The Asian Development Bank (ADB) will offer $2.8 billion to Pakistan under a new threeyear programme agreed here on Thursday with the government.

However, the programme (2000-2003) will be continued if it is in line with the loan programmes of the International Monetary Fund (IMF). Satisfactory implementation of the programme is another requisite for its continuation.

"Since Pakistan is still under partial international sanctions, our assistance will mainly confine to basic human needs, development of social infrastructure and poverty alleviation", said the leader of the visiting ADB mission, Marshuk Ali Shah.

Briefing reporters, he said the ADB mission had concluded talks with the government officials on offering a new three-year $2.8 billion lending programme. Out of $2.8 billion, 64 per cent of the assistance amounting to $1.8 billion would be in soft loans, he added.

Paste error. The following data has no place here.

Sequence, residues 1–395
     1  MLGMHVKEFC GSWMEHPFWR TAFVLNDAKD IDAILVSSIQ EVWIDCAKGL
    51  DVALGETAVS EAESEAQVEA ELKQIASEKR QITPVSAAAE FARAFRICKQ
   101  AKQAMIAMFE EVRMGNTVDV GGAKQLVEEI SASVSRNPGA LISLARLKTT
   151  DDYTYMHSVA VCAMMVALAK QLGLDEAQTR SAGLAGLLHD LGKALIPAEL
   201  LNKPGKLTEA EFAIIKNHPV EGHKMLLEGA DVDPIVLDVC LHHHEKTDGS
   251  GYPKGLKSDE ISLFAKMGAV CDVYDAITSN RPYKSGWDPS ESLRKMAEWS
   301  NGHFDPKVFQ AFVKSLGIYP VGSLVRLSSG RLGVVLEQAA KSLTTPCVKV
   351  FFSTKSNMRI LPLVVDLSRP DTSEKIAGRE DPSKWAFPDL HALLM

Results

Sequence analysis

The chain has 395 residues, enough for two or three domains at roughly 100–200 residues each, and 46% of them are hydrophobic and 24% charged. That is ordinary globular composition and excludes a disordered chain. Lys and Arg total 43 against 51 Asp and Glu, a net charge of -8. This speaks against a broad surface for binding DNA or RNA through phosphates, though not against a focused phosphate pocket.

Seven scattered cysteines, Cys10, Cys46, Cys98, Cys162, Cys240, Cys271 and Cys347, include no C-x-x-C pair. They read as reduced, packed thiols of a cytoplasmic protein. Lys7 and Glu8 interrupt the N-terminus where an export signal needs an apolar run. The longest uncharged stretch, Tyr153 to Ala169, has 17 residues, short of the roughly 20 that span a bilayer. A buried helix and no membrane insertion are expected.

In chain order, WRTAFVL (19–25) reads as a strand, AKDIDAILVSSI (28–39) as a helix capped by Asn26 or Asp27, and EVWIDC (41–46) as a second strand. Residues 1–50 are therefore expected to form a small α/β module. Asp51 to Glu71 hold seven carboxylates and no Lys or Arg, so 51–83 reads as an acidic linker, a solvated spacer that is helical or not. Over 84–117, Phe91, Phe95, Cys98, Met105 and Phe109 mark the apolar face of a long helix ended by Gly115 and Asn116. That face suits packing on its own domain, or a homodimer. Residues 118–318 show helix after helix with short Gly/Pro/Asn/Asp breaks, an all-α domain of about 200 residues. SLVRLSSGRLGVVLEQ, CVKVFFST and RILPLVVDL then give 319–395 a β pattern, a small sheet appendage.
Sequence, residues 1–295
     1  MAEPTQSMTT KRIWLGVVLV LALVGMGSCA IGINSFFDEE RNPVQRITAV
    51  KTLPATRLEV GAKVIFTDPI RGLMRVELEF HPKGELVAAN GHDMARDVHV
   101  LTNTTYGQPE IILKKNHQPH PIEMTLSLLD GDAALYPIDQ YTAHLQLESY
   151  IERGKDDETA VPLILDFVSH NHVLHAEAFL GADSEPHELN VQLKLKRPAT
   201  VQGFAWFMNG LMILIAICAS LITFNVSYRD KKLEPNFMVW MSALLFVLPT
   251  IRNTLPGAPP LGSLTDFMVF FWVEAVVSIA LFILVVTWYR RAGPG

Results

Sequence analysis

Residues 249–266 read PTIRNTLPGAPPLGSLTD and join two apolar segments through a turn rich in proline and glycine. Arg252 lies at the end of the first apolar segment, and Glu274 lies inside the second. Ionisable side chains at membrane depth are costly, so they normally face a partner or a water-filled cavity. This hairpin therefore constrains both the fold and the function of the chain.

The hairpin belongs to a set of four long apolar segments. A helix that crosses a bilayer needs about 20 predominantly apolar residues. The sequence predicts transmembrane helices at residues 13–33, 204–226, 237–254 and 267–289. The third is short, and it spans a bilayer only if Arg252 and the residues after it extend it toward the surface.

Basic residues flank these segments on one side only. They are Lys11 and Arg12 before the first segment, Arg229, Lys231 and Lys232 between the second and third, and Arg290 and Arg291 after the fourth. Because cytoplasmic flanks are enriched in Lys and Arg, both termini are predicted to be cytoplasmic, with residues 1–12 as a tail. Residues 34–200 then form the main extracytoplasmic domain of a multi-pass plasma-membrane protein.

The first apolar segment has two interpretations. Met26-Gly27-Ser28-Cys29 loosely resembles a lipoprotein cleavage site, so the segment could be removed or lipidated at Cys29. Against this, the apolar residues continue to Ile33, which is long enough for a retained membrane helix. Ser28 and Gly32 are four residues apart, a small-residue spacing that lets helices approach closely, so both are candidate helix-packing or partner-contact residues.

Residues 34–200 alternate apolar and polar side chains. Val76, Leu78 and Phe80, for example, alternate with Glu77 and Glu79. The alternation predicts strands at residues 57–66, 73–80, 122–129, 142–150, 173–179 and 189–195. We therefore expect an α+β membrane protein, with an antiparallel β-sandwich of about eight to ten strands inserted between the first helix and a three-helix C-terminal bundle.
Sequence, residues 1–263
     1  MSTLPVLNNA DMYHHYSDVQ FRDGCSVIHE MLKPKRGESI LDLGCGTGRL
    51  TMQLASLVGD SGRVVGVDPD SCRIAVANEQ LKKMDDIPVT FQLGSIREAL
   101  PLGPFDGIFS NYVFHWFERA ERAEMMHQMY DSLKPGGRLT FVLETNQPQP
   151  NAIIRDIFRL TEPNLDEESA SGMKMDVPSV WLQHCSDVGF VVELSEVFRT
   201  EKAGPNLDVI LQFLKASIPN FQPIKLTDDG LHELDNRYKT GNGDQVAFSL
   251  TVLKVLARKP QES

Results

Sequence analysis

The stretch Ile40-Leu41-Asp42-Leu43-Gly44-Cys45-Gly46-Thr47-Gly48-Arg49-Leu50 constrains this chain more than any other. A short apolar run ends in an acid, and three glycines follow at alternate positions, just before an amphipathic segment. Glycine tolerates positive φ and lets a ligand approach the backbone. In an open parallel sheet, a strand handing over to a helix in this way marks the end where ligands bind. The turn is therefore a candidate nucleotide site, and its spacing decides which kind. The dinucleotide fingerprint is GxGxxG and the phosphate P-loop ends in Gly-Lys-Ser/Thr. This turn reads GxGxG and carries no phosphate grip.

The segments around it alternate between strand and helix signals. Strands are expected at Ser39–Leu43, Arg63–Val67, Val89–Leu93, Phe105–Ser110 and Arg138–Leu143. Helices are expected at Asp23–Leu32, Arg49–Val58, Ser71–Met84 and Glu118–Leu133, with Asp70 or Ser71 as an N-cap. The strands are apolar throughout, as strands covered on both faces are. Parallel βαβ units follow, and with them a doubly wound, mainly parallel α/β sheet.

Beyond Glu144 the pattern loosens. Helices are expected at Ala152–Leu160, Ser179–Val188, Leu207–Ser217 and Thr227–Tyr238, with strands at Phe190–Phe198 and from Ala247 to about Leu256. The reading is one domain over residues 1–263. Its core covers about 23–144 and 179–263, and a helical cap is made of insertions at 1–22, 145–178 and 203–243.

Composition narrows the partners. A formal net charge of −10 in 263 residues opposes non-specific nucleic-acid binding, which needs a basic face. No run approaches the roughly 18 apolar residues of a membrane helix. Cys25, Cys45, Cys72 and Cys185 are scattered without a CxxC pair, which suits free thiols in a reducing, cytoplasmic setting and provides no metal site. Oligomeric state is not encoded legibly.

"In addition to that, the ADB will also provide grant technical assistance of some $23 million."

He said the ADB's "Country Programming Mission for 2000" remained in the country for two weeks and concluded its deliberations with the senior government officials and the representatives of all the four provinces on Thursday.

The proposed programme represented a mix of area development programme, education and health, infrastructure development and deepening of the reforms of the capital market.

The new programme also includes assistance for restructuring of the power sector, legal and judicial reforms and rural micro finance.

Mr Shah said the ADB had not provided any funding in 1998 owing to sanctions. "But we offered $403 million, out of $800 million programme meant for 1999."

Private sector borrowing nosedives

The borrower and the banker tell different stories but the theme remains the same: credit flow towards the private sector is not picking up.